Apple Trees and The Fruit They Grow Apples have been around for as long as I can remember. There are references to apples in the bible. The Greeks and Romans refer to the apple as the symbol of love and beauty. Apples first started to travel west when the Romans first attacked and conquered England. William Tell is well known for shooting an apple off his son's head, by order of the attacking army of Switzerland. And when the first pilgrims came to America, they discovered Crab apples. But to their dismay they found out that they were not very edible. So they had ordered apple seeds and apple cuttings from the coming and going ship named the May Flower. A man from Massachusetts named John Chapman, who is also known to many people as Johnny apple seed. He planted apple trees in the states of Ohio, Indiana, and Illinois.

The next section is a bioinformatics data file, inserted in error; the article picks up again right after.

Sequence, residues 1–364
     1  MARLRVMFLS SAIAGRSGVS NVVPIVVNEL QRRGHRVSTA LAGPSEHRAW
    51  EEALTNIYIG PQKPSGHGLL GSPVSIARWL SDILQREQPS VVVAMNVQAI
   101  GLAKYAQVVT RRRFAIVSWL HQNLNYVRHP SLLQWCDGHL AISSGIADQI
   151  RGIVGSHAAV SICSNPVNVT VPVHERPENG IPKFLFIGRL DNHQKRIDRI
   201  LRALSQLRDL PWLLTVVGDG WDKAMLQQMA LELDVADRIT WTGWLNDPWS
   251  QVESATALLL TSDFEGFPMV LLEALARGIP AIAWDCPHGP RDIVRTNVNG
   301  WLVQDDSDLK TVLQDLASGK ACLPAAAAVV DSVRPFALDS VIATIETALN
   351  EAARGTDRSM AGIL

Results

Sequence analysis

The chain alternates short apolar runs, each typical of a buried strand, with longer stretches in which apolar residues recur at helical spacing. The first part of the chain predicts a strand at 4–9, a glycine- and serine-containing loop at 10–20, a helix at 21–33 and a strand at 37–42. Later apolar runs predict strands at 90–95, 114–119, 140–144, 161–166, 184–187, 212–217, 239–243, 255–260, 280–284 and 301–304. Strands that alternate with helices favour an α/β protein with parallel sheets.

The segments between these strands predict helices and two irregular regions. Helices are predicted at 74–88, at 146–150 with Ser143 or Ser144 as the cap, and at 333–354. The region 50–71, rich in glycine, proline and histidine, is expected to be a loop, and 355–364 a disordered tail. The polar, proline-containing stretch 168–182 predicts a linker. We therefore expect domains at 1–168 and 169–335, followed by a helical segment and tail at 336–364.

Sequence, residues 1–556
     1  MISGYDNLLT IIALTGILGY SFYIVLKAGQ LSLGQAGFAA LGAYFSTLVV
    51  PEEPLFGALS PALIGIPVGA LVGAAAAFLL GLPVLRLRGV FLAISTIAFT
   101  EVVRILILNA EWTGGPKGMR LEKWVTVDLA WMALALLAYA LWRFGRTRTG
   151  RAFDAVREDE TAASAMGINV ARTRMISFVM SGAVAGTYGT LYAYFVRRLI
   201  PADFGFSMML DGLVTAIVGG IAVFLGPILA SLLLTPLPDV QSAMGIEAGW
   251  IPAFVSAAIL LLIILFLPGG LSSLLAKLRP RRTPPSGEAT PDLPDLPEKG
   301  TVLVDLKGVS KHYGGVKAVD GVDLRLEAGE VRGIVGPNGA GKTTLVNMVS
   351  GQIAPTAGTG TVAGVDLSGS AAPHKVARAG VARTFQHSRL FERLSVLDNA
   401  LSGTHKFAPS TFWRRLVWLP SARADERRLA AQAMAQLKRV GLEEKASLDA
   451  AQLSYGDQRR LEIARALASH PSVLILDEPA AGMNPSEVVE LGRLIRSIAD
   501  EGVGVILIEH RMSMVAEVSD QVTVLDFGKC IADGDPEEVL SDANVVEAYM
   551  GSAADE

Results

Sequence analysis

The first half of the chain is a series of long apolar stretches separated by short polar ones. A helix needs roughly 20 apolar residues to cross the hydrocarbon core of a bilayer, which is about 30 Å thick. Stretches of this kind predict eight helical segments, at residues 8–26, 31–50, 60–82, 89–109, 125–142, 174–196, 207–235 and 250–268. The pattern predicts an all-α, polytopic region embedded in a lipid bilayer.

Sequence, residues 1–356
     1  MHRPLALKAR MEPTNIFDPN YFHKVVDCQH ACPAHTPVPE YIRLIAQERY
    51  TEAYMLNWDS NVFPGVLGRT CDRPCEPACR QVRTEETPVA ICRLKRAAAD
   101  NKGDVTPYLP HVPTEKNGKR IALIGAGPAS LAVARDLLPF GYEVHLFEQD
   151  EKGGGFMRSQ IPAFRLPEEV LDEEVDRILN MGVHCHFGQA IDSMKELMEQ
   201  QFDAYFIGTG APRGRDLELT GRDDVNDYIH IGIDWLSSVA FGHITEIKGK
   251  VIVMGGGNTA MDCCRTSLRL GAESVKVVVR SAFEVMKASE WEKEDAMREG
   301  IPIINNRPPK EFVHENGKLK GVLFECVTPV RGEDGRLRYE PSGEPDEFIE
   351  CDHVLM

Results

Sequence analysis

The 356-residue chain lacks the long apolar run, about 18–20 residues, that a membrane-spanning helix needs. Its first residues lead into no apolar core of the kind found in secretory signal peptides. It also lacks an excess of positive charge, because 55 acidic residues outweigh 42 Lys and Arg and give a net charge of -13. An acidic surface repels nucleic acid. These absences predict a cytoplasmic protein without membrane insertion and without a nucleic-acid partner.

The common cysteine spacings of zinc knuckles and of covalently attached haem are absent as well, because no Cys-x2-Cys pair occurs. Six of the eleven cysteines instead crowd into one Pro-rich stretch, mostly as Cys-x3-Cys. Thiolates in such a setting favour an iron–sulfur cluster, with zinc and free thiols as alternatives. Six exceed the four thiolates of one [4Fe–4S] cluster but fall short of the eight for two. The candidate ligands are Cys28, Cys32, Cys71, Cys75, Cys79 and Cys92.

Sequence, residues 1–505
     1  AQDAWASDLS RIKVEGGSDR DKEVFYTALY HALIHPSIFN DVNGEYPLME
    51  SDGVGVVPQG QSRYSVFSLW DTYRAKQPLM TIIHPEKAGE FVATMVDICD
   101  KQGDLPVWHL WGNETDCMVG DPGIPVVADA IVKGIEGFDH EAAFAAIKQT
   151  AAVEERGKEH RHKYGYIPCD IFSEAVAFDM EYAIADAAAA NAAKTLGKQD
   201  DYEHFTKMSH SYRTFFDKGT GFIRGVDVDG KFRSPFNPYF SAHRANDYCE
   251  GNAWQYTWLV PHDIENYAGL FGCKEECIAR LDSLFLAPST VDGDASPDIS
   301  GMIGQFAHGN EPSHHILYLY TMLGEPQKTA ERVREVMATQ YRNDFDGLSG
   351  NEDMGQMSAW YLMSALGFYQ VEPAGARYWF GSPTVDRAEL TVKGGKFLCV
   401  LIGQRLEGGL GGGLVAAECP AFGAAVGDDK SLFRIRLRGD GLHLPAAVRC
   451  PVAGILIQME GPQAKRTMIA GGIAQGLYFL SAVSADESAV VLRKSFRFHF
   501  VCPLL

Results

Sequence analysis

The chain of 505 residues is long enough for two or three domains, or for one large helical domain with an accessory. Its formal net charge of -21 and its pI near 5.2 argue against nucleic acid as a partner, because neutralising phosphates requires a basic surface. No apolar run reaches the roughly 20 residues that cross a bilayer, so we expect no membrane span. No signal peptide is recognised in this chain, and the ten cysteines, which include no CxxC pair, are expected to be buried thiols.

As the country grew most farms had at least one apple tree. The quality of those apples were very low compared to today's standards, because of the lack of knowledge about growing apples.
In 1826 when pioneers cam to the Cascade mountains, they discovered that the area's lava and ash mixed soil made the perfect conditions for growing apples. The arid climate also meant that there was fewer insects compared to that of the eastern states. It also meant that they had a less probability of disease and fungus. Then in 1889 pioneers noticed that the apple trees grew better quality of apples when they were planted near the riverbanks. So they developed a form of irrigation.
The average size of an orchard is about one hundred acres. The bigger orchards are about 300 acres. The apple orchards employ more than three hundred workers year round in the state of...